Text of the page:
Begin faceted search navigation.

Foot Type


Determining your Foot Type

Pronation Explained

When walking or running, pronation is a slight roll to the inside of the foot as the arch flattens through your step to distribute the force of impact to the ground. It's important to understand your pronation type when choosing the proper running shoes as most today are designed for a specific type of pronation.

under pronation (supination)
Underpronation (Supination)

Underpronation, also known as supination, occurs when the foot doesn't roll to the inside enough. This prevents the foot from absorbing impact and can lead to stress fractures. To check your feet for underpronation, look at a pair of well-worn shoes. If they lean outward and show signs of heavy wear on the outside edge, then you are probably an underpronator. Shoes with lots of flexibility and cushioning are suggested for this foot type.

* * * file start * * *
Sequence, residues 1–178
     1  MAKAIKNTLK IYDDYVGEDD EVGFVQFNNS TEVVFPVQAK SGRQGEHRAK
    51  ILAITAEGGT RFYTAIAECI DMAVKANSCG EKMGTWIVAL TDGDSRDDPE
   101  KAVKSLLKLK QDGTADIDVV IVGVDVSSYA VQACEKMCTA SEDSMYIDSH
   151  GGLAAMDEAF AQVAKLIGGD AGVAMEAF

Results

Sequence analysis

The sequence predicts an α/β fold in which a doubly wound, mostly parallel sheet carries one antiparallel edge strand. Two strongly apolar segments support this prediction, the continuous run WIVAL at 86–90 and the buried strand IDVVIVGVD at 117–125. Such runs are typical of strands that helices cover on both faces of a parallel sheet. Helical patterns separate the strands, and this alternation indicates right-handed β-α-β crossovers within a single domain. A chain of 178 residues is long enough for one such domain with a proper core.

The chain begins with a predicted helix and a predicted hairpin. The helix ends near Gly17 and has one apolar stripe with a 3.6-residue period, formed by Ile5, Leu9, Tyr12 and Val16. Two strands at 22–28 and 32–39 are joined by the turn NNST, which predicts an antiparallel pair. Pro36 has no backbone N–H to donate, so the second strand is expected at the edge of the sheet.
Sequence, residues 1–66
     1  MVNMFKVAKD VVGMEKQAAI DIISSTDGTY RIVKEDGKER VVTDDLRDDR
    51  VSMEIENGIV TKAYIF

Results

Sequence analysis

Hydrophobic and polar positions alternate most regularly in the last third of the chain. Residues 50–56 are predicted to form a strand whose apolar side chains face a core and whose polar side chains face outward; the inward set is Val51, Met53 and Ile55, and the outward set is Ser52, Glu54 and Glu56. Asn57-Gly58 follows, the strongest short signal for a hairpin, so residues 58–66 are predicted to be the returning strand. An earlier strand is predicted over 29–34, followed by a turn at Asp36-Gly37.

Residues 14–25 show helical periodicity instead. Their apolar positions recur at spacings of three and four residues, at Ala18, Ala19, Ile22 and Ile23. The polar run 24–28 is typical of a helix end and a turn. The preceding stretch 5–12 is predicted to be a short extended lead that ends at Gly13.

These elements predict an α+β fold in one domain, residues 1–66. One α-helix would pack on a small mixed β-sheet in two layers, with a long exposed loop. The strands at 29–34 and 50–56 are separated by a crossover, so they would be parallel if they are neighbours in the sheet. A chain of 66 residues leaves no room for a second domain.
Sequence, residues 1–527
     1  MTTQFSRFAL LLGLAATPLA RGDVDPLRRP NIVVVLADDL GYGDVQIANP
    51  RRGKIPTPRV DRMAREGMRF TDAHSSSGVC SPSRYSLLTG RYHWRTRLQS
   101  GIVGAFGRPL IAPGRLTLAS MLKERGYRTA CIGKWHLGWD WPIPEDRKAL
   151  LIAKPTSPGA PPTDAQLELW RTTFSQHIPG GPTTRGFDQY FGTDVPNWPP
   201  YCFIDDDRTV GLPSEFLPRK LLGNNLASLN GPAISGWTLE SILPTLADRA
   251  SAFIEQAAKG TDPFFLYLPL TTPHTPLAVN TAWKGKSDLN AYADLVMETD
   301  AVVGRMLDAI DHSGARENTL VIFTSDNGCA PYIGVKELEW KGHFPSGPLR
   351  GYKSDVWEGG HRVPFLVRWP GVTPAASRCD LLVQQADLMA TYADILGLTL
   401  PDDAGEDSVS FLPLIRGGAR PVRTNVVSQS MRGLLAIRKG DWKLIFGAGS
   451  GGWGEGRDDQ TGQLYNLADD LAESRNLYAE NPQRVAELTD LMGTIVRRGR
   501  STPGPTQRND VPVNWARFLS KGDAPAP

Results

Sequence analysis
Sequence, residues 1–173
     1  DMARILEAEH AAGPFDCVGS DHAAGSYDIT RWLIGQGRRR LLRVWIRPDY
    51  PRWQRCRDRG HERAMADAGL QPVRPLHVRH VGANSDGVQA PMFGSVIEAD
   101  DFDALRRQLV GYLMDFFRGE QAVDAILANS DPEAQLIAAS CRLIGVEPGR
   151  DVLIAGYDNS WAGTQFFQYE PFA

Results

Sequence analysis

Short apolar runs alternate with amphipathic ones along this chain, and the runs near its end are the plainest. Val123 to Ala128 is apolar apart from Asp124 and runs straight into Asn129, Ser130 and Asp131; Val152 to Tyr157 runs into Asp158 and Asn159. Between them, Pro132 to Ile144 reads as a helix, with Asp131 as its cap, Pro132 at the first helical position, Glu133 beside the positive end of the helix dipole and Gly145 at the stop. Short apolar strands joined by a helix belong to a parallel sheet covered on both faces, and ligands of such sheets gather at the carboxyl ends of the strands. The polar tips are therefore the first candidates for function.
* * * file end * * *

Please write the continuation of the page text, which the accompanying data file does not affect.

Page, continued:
neutral pronation

Neutral pronation occurs when the foot experiences a normal or average range of pronation instead of overpronating or underpronating. You are likely a neutral pronator if the soles of your shoes show wear in an S-shaped pattern, from the outer heel to the big toe. The suggested type of shoe for this foot is a stability shoe, which helps slow the basic pronation movement through moderate cushioning and support.

over pronation

Overpronation occurs when the foot rolls to the inside too much. As a result, the shock from the foot's impact doesn't spread evenly throughout the foot and ankle and causes instability, which affects running efficiency and can lead to joint inflammation in the knee and hip. The shoes of an overpronator will show extra wear on the inside of the heel and under the ball of the foot, especially the big toe. This foot type would benefit from structured cushioning or maximum support shoes.

severe over pronation
Severe Overpronation

In severe overpronation, the feet and ankles can rotate too far inward just during standing. Motion-control shoes with a firm heel are designed to help correct the overpronation.

Back to the Top

Sponsored Linksclosebtn

Outside companies pay to advertise via these links when specific phrases and words are searched. Clicking on these links will open a new tab displaying that respective companys own website. The website you link to is not affiliated with or sponsored by